Two Jews walk into a Catskills hotel...

Knock knock.

Who's there?

Jews from the Borscht Belt.

Jews from the Borscht Belt who?


Jews from the Borscht Belt who can't finish their story because technical difficulties at the screening Tuesday night at the Museum of Tolerance stopped "When Comedy Went to School" five minutes before the end.

The tolerant audience was mostly gracious, but co-director Ron Frank was mortified.

"That's never happened," Frank said today in a telephone interview. The documentary, co-directed by Frank, a resident of L.A., and Mevlut Akkaya, a New Yorker, traces the lineage of standup comedy to New York's Catskills Mountains where, from the 1930s through the 1960s, East Coast Jews vacationed, comedians refined their craft and busboys scored.

"If you're a Jew and you marry a Jew, that means everything you hated is now in your house." -- Marc Maron
It's a fun film whose talking heads wrap immigrant history, ethnic identity and cultural change around a hot mike. The Borscht Belt is where funny people learned how to turn a sense of humor into a profession.

"In those days," Jerry Lewis says in the film, "comedians had some place to be bad."

Mickey Freeman was one of them. Asked to take his stage act to a hospital to entertain the patients, he obliged by "singing, dancing, telling my best stories. On the way out I said to the patient, 'I hope you get better.' " he said to me, " 'You too.' "

Jewish humor, suggests narrator Robert Klein, is Isaac's fault. As the son of Abraham and Sarah, his name, Klein says, means "he shall laugh." Which is what his parents reportedly did when he was born. "Hey," says Klein, "if you had your first kid at 100 and your wife was 90, you'd have to laugh too."

Jokes are in Jews' genes, the product of the extreme experiences of pain and pleasure that forges the psychological skill to make fun of adversity.

"People are standing in front of a German firing squad. One says, 'Long live the homeland.' 'Shhh,' says another. 'Don't make trouble.' " -- Mort Sahl

In the early 20th century, New York's lower east side had a denser population than Calcutta does today -- there were 500 people per acre, and a pervasive sense of doom and gloom. "But what a fabulous new field for complaints, doubts and guilt," Klein observes. "A triple 'oy vey.' "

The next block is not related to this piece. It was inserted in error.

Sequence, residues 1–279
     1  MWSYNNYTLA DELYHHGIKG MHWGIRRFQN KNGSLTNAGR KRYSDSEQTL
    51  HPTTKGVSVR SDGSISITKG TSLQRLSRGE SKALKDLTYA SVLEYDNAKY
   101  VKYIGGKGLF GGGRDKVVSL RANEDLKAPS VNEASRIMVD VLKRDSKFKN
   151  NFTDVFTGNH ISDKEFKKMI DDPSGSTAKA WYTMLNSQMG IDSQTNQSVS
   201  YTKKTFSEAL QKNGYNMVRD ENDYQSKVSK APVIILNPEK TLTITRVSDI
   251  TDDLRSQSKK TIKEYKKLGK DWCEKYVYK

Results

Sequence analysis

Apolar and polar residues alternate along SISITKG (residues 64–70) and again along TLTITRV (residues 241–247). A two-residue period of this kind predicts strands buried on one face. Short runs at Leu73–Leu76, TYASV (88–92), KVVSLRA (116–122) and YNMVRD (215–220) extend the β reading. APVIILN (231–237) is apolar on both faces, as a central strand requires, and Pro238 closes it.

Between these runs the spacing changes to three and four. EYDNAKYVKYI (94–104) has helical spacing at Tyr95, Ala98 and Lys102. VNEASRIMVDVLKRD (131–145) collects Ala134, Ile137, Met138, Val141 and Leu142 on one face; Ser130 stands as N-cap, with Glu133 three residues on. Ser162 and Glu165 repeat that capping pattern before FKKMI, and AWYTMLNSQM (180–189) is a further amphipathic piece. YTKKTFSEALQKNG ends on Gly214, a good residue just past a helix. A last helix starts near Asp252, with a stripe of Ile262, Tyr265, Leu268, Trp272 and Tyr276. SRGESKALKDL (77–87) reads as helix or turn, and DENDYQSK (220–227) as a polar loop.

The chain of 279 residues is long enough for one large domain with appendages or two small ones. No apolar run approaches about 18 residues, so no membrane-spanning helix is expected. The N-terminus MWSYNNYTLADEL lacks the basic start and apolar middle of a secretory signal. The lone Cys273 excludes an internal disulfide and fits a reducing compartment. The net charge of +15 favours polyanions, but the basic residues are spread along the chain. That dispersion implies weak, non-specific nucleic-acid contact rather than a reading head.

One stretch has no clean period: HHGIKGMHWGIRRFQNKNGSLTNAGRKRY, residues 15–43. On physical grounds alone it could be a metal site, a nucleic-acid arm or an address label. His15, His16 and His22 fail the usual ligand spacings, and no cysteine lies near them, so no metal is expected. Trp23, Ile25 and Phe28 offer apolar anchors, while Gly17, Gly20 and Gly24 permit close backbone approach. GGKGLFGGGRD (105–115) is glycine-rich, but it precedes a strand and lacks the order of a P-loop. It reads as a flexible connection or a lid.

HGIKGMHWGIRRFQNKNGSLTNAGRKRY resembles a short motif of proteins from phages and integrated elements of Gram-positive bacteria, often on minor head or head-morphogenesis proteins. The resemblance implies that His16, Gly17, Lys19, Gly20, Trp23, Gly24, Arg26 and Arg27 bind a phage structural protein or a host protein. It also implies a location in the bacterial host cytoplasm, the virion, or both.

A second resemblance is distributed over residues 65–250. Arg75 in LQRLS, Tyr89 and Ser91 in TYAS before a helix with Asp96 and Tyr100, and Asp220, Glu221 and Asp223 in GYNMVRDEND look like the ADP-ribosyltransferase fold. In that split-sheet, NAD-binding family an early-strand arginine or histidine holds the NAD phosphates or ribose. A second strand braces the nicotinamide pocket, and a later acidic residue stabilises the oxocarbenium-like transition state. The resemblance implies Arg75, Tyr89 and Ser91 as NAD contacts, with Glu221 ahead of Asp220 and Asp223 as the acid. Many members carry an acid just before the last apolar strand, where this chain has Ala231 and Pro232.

As Jews climbed into the middle-class, they escaped the stress of city life to summer in the Catskills. Their common experience was fodder for Edward Israel Iskowitz, rebranded as Eddie Cantor; Nathan Birnbaum, reborn as George Burns; and orthodox Benjamin Kubelsky, who emerged as Jack Benny.

The successful ones moved into the broader American entertainment landscape of network TV, where Danny Kaye (nee David Daniel Kaminsky), Sid Caesar and Woody Allen helped America become somewhat less culturally homogenous. Where Alan King was so big he gave a command performance for Queen Elizabeth. According to Frank, there is no record of Her Majesty's reaction when, after greeting the comedian,"Hello, Mr. King," he replied in kind: "Hello Mrs. Queen."

From Catskills' mouth to Liz's ears.

"No Jew at that time ever went back to Europe [on vacation]," Jackie Mason explained, "because they just came from Europe ... and that's where everybody got killed."

Deprivation and scarcity were American Jews' history, and they continue to reside in the collective memory. Black-and-white footage depicts a young Woody Allen in front of a microphone, fingering his pocket watch. "An antique gold heirloom," he muses. "My grandfather on his deathbed sold me this watch."